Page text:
He was off to attend the 2005 annual general meeting (in Banff) of the Canadian Bacterial Diseases Network (CBDN , a nation-wide virtual research organization comprised of Canadian researchers whose focus is on bacterial diseases that affect humans, animals, fish, plants and the environment and part of the Canadian Networks of Centres of Excellence program), and was scheduled, amougnst other things, to lead a communications workshop titled "How to Communicate with People Who DONT Have PhDs".
I had the pleasure to talk with Mr. Ingram on several topics, and look forward to reading his newest book when it's published this Fall (2205). I hope the pleasure was mutual, that I didn't pester him too much (I tried to contain myself, really!) and his conference was a success. Mr. Ingram was very pleasant, and patient. A nice guy.
Robert Scobleizer rips a MS marketing droid a new one for disrespectting his customers, in "No RSS? No downloads? No interaction? Fake content? You're fired!", which has some interesting comments, including a link to RSS for Journalists (Here's my own attempts:What's a RSS News Aggregator? and Explaining RSS to your Boss)
Also mmeiser (Michael Meiser) makes some good points in "Blogging,
wereWhere the tire meets the road, where marketing meets reality", and Dana observers Site Stickiness is Dead and links to Corporate Blogging Roadblocks.
Marketing that does not treat the Customer as King (or CEO) is over. Cute is over. Useful and Time saving is in. Impostors will be revealed.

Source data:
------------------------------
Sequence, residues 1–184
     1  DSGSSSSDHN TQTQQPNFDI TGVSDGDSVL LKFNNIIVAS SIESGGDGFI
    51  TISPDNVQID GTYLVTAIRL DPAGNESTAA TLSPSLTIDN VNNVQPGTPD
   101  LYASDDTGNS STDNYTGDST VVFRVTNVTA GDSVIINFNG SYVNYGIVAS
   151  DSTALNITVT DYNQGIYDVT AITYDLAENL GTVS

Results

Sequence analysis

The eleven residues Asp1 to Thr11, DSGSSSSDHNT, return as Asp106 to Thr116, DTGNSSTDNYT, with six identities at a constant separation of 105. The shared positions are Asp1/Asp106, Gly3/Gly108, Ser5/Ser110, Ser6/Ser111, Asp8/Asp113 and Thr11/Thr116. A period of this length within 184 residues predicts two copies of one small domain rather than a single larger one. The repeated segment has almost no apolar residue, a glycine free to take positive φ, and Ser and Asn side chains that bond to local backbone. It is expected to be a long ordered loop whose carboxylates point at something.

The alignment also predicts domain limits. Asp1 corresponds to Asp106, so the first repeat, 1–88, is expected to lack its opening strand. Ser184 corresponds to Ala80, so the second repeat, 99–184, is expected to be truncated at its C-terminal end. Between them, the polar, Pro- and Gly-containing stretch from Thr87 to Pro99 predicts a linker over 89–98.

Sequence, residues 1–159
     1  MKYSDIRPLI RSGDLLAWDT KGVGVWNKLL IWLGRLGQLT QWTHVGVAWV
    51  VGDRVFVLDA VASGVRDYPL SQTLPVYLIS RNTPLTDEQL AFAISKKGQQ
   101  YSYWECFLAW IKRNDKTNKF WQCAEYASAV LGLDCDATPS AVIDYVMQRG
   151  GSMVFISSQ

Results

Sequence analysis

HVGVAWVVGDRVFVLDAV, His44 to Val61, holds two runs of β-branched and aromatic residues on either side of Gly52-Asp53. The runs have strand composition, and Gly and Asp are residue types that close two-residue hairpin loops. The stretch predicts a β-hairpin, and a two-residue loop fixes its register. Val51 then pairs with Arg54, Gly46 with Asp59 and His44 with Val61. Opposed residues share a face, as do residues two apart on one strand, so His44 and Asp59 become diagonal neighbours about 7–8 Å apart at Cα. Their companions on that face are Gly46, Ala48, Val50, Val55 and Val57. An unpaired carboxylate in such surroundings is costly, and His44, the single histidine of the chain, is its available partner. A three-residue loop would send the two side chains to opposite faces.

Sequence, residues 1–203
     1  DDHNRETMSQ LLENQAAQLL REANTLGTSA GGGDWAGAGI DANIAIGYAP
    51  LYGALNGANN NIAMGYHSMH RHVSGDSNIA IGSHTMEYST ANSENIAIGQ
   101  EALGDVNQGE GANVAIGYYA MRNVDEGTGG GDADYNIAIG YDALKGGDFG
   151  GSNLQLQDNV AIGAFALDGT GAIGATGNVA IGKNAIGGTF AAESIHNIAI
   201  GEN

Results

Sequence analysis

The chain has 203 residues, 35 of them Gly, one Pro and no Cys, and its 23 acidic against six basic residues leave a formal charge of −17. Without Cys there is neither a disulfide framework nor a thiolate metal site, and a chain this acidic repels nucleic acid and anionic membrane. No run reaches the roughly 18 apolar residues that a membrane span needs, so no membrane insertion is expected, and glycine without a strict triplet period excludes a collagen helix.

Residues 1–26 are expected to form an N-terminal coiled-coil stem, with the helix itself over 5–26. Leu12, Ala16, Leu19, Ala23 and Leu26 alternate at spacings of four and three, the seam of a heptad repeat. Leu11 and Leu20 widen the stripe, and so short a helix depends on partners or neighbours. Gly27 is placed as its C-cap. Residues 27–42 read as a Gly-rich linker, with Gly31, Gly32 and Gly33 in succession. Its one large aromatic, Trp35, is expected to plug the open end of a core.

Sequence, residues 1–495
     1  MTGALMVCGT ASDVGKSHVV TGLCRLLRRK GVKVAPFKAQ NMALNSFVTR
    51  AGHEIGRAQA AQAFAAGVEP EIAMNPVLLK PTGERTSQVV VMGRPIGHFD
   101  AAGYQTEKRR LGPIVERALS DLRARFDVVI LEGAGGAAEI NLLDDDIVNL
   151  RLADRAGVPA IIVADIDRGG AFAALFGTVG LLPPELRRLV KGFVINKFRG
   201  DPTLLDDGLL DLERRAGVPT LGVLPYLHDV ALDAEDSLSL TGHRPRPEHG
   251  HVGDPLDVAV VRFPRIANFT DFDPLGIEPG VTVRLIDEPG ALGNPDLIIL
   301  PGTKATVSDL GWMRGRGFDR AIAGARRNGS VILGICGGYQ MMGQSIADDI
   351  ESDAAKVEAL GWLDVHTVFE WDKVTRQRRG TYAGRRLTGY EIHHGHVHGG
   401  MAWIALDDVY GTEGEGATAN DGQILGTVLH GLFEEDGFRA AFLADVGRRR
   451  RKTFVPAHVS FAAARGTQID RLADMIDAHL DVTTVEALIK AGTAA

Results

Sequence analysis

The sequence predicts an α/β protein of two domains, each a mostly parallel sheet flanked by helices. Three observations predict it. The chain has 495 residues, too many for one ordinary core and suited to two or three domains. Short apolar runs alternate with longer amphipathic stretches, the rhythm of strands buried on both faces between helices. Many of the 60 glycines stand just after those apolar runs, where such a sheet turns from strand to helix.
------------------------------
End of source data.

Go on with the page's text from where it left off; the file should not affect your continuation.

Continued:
The Economist dubbed "the Scobleizer" as "Chief humanising officer" earlier this month.
Via Modern Drunkard Magazine Online inculdes a drinking guide to ST:TOE, , A Quick Guide to Alien Alcohol, and Top Ten Signs Your Starship Captain is a Drunkard :
10.) When Spock mind probes him, Spock gets hammered.
9.) Wakes up next to a Klingon chick at least once a week.
8.) Starts the ship’s self-destruct sequence just to fuck with the yeoman who blew him off in the officer’s lounge.
7.) Each time you discover a new planet he tells Spock to scan the surface for cheap scotch and loose females.
6.) The first thing he says when negotiating with Romulans is, “So, what’s the ale situation?”
5.) McCoy tells him, “I’m a doctor, Jim, not a bartender!”
4.) He keeps slipping down to the engineering room to “discuss ancient Scottish traditions” with Scotty.
3.) Giggles every time Spock says they should launch a “deep space probe.”
2.) Whenever a female yeoman brings him a clipboard he tries to open a tab.
1.) Is willing to make beer runs into the neutral zone.
Filed under:Star Trek/Humour